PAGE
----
Wednesday, May 11, 2011

Victoria 4.2 gets glam. And merge modes ... what the heck are mege modes?!

Uh ... Vitoria 4.2 in a glamorous movie-shoot type scenario, surrounded by props from many places. No reason ... just CG doodling.

Much more interestingly from the artist's point of view, I was asked to explain a little bit about what "merge modes" are. I was talking about this the other day, when I was posting book cover art, and mentioned doing the composits. So, what in the world are merge modes?

Basically, the term refers to a wide range of options and alternatives that are open to you, when you merge one image into another image. The way the tones, colors, gradients and so forth interact when one image is combined with another is called a "merge mode." On top of this, you then have the opacity or transparency of the merge to play with, and you can combine different merge modes (also known as "inks" in certain programs, such as Macromedia) to get a huge number of effects.

As usual when it comes to art, it's far easier to show, not tell, so I've taken two very different images, pasted one into the other, set a number of different inks, and saved the results, which I'll paste in here. You'll probably have to see these at 1000 pixels wide to get a real idea of what's going on, because Blogger pastes up its on-page images at 400 wide, which is really too small! If you click on each image, I uploaded it at large size, though -- and it's well worth a look, because this is where a lot of the magic of digital art starts to happen...

For the bottom image, which is getting pasted onto, I used the organic starship you saw a couple of days ago:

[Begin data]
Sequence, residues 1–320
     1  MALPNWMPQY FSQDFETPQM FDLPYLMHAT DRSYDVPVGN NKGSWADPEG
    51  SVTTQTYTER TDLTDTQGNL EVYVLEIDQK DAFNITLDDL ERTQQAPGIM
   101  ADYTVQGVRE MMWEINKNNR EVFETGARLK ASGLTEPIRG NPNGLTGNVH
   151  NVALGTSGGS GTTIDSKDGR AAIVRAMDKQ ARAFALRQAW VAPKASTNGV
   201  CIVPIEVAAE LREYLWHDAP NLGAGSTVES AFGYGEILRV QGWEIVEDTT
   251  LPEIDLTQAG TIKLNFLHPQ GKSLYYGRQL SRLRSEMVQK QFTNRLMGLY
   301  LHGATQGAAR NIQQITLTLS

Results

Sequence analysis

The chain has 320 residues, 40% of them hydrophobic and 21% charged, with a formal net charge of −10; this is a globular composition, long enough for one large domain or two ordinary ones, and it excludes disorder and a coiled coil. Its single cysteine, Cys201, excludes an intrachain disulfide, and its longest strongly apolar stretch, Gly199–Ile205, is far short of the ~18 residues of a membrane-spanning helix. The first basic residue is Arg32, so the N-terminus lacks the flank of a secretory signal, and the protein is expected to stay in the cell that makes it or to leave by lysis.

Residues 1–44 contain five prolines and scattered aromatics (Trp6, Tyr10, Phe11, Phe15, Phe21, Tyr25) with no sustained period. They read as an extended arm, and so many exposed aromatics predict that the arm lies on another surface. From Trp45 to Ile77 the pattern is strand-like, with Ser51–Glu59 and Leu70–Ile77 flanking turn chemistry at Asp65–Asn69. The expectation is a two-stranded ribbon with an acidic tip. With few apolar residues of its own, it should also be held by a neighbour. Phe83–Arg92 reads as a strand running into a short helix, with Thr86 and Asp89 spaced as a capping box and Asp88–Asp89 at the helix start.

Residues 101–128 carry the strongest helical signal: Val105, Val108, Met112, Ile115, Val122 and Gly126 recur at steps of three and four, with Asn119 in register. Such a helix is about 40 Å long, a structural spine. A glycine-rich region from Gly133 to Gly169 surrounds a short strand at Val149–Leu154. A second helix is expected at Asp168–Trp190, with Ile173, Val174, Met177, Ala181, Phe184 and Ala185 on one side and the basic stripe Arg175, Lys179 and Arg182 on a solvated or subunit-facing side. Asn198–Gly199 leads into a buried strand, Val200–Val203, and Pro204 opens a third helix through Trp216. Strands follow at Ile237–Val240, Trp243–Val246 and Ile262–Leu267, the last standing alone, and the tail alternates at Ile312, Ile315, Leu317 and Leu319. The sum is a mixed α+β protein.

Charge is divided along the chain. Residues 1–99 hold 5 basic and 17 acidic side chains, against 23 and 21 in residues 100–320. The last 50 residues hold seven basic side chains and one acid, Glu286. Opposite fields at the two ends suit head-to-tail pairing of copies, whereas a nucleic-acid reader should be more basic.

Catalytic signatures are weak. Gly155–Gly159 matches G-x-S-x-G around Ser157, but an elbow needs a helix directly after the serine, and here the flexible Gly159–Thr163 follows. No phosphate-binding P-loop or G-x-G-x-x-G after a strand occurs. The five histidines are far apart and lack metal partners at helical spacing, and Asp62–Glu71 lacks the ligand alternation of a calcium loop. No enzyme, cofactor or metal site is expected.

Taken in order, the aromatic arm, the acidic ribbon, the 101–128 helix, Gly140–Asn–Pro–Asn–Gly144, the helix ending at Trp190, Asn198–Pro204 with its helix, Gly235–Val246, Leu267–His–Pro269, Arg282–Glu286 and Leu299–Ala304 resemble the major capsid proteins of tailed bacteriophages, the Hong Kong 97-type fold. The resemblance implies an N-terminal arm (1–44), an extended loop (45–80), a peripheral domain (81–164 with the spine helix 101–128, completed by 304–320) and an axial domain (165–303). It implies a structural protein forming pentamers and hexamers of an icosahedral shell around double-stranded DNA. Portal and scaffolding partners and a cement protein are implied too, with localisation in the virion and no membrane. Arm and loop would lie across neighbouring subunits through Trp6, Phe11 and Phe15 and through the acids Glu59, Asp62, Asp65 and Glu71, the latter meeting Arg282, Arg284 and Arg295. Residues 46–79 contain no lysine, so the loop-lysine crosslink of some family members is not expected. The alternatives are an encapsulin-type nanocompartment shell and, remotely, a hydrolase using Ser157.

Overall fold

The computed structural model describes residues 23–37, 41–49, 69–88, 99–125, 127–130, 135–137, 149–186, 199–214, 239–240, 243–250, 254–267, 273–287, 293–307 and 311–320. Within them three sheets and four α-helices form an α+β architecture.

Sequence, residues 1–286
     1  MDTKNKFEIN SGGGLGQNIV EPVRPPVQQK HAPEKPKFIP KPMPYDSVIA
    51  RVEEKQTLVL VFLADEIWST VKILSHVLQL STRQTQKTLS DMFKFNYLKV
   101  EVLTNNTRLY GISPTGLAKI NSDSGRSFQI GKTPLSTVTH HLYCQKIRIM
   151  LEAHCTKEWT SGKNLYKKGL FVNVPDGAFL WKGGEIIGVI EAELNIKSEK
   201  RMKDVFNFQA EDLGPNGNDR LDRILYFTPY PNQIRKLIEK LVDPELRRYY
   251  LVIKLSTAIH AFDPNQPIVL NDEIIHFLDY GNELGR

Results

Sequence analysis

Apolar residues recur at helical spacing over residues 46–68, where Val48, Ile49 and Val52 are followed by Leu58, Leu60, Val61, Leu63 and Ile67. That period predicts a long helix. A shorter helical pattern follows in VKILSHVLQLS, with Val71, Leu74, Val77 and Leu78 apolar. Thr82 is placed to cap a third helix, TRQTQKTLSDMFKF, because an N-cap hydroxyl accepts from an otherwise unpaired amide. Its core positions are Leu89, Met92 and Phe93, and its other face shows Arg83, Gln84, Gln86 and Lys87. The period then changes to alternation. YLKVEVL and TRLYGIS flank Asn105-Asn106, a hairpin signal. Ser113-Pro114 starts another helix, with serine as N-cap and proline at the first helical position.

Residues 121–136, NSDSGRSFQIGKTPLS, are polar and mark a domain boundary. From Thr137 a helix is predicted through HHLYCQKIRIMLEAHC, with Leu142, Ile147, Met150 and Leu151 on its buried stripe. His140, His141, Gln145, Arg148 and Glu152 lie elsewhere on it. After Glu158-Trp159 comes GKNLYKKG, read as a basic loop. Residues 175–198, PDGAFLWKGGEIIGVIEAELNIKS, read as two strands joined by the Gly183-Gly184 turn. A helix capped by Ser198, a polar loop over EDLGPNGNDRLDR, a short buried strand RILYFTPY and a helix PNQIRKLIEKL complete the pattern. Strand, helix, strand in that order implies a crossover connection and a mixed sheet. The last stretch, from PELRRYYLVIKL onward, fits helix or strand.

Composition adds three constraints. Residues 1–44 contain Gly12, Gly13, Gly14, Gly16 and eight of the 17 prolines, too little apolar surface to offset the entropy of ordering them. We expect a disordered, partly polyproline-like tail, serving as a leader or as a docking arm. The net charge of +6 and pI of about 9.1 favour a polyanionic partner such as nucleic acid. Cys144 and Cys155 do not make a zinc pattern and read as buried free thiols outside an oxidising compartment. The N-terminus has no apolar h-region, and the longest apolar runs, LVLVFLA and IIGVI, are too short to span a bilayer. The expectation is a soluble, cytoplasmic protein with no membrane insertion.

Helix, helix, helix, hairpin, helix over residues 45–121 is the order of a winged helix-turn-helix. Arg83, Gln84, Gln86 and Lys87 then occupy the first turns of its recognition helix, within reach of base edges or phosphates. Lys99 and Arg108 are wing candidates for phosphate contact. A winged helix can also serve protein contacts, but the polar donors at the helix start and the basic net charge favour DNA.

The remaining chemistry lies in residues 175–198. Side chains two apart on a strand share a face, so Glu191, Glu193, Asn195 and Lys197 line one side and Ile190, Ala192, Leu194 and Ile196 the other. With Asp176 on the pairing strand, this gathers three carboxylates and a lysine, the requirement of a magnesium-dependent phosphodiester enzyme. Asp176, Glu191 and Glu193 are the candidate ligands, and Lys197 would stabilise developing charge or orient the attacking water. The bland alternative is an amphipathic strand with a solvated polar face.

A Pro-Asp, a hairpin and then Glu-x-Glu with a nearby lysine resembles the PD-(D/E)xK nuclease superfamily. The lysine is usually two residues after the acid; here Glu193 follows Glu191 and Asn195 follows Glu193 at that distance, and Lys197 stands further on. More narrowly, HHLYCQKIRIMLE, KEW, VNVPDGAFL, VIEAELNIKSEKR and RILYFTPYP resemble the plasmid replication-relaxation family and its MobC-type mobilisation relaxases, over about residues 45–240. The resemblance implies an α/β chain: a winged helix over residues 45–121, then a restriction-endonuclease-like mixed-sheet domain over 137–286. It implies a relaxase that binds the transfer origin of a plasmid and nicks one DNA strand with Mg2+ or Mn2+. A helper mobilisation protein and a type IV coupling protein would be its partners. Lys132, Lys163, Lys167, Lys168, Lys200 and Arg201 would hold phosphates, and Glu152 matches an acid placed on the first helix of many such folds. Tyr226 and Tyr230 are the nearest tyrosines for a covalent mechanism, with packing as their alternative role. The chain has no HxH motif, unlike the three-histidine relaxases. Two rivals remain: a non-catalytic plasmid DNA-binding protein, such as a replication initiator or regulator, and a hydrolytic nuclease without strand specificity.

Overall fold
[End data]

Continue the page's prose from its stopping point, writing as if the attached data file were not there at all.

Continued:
And for image two, being pasted over it, I used one of the images from the V4 glamour shoot, above. Okay, so here's where happens when you set a merge mode...

Now, you notice I'm not going into what each mode is called! This wouldn't do you a shred of good, because each program calls them by different names ... also, the names would mean nothing to you, if you don't know what they are, and the only way to learn them is to play with the software and see what happens. By setting this mode or that mode and seeing the result, you figure it out faster and have a lot more fun. Everything else is too much like a textbook!

Okay, so -- which software? Here, I can't really help you, because there are, to my knowledge, four main packages today, and I don't use any one of them to do this work. There's Photoshop, which will absolutely, positively do this work for you -- though I'm not sure if the cheap cut, Photoshop Elements, would have the tools. Pay $1600, and you're certain to get them, but I couldn't even guess at the interface, because the closest I ever came to Photoshop was a brochure!

Then there's Corel Painter, which costs about $700, and this also will definitely do it for you(if it didn't, at that price, I'd sling it back at them and demand a refund). Don't be fooled into paying $30 - $130 for the Corel Photo Paint program. All this does is apply some pretty iffy filters to photo images, to turn them into ersatz artwork. I played with the free evaluation copy for an hour one day, and thought the results were pretty poor. You can do far better by combining the photo image with a texture image by using a transparency on one of them, and then tweaking the contrast, color saturation, and playing with the soften and sharpen tools!

The other two packages are open source and free. There's GIMP, which is the open source shadow of Photoshop, and, which I'm told is the open source shadow of Corel Painter. GIMP probably does the merge modes, but how, I have no idea, because I've never (and I blush to confess this) gotten deeply enough into the program to find out! I use GIMP for painting in .abr brushes, which is absolutely indispensable, and for this alone, I love GIMP.

The last one,, I've never actually used, but some people speak very highly of it.

Hope that helps, guys! See? I do read comments, and I do answer questions!

Jade, 11 May
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